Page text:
It’s a good thing too, because even by the standards of the television show the plot doesn’t make a whole lot of sense. The opening is belabored and it takes Batman and Robin nearly half the episode to get to the Sphinx in the park where Tut, through the voice of Nefertiti, is proclaiming his threats to Gotham. There’s a quick fight with Tut’s henchmen and instead of pursuing them, Batman says it’s a distraction and heads off to the Egyptian exhibit at the Gotham Museum proclaiming he has a surprise for Tut. Unless the surprise is falling into a kidnapping scheme through the fake resurrection of a mummy, it’s hard to say what Batman had in mind other than behaving like an imbecile.

The review continues after the jump!

It does lead to one of the better cliffhangers of the show though, as Bruce Wayne ends up strapped to a stretcher that hurdles out of control towards a cliff in a case of escaping from the frying pan into the fire. There’s nothing particularly comedic about the scene, other than the irony that this is something of a death trap of Bruce Wayne’s own creation, and without a utility belt or other deus ex machina in sight, it actually creates some suspense. The escape makes plenty of sense, with Bruce Wayne escaping from his bonds and grabbing on to a guard rail seconds before the gurney goes over a cliff, but it’s perhaps too quick an escape to truly register. The new restoration also clearly reveals the cable guiding the gurney, which is perhaps an unfortunate side effect of the restoration.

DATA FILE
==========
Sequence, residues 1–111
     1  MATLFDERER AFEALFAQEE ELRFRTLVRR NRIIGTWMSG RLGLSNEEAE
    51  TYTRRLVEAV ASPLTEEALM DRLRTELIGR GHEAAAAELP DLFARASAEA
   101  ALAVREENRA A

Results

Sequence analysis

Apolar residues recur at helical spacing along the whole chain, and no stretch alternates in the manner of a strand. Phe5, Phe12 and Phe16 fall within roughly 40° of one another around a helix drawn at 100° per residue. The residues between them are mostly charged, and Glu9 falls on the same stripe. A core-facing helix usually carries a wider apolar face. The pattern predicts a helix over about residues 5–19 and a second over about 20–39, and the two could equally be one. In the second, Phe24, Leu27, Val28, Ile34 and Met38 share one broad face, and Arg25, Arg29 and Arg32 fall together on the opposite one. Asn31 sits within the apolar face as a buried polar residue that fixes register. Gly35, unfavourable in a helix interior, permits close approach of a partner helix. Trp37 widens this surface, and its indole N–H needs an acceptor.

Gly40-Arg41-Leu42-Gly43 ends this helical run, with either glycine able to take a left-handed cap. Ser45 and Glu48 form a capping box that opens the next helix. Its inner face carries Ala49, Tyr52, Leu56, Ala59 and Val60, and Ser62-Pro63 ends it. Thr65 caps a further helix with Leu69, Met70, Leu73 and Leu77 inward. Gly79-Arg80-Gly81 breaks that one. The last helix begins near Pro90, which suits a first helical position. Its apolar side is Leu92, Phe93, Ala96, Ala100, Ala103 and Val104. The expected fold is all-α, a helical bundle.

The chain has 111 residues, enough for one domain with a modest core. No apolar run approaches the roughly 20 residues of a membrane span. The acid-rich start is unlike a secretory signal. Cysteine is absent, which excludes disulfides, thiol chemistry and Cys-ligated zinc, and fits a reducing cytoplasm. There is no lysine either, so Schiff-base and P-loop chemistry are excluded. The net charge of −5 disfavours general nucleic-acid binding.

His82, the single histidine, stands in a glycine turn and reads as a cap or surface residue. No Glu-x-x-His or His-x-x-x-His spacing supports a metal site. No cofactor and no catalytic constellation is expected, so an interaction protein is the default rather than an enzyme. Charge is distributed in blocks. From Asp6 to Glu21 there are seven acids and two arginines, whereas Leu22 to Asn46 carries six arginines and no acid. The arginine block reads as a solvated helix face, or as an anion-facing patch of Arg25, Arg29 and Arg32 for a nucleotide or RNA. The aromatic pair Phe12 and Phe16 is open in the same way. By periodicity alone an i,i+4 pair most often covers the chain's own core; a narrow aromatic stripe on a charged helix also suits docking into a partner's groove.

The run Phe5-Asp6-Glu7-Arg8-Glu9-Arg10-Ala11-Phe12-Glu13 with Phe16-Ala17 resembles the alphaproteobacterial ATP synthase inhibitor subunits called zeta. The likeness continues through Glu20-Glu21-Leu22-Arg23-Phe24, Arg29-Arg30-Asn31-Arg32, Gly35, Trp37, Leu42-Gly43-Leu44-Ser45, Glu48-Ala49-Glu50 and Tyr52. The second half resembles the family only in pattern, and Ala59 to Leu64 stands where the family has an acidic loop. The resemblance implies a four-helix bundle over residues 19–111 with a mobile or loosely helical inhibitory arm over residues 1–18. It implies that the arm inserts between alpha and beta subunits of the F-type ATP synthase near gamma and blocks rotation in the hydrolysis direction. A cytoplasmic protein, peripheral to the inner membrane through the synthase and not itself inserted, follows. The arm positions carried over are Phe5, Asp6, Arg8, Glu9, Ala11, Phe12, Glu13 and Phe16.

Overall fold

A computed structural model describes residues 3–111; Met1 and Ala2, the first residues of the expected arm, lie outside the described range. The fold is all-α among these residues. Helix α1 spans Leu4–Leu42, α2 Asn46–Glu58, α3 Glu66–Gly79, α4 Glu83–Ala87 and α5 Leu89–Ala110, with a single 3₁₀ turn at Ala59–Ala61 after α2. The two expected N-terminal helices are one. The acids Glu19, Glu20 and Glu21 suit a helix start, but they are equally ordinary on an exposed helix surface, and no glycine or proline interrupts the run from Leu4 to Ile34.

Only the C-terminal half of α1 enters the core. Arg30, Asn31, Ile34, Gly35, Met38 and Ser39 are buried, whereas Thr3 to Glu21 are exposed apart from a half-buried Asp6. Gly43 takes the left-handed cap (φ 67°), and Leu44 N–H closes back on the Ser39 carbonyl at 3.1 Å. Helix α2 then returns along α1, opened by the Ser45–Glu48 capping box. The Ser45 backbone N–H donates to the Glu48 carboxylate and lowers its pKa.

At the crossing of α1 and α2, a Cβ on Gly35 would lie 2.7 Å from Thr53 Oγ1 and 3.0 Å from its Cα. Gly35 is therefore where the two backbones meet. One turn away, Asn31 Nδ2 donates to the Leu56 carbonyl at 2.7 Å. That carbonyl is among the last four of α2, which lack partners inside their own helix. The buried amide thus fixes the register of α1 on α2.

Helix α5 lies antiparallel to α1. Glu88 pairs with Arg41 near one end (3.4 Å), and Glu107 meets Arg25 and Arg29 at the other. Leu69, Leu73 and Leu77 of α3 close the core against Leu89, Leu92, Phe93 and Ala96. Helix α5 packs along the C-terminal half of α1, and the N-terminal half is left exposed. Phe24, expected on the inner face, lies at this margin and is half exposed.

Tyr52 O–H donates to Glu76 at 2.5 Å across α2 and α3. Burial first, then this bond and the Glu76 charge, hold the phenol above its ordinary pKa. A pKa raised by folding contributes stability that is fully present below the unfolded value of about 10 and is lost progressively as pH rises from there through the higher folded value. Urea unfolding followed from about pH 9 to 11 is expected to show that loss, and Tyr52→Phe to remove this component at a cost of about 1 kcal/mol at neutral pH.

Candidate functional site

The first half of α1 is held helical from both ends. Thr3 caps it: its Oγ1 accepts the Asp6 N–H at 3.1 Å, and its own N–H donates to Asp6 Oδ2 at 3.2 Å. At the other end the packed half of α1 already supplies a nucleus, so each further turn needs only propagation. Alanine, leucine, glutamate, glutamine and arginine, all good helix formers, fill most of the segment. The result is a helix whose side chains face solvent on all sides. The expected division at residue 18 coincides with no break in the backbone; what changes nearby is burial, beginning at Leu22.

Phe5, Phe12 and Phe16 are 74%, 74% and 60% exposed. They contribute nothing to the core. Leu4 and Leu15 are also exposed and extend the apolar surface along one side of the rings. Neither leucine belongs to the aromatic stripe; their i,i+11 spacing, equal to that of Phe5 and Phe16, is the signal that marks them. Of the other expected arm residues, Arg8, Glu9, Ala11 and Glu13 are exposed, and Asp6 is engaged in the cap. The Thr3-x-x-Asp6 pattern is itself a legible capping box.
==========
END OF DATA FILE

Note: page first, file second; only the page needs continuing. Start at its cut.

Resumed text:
The second part of the episode doesn’t make a whole lot more sense, but a lot more happens. King Tut doesn’t just give up on kidnapping Bruce Wayne but keeps on with his plan. Batman, after announcing on television that he’s headed to Egypt for further research, sets a trap for Tut using a lifelike dummy of Bruce Wayne as bait, with Batman himself substituting for his alter ego. Things go wrong as Tut is on to Batman’s tricks and Batman ends up in an elaborate pebble torture with the rebellious Nefrititi while Robin figures out where Tut is hiding by “extrapolating” previously known coordinates. Or they could just have looked at last year’s Egyptian exhibit.

Victor Bruno as "King Tut"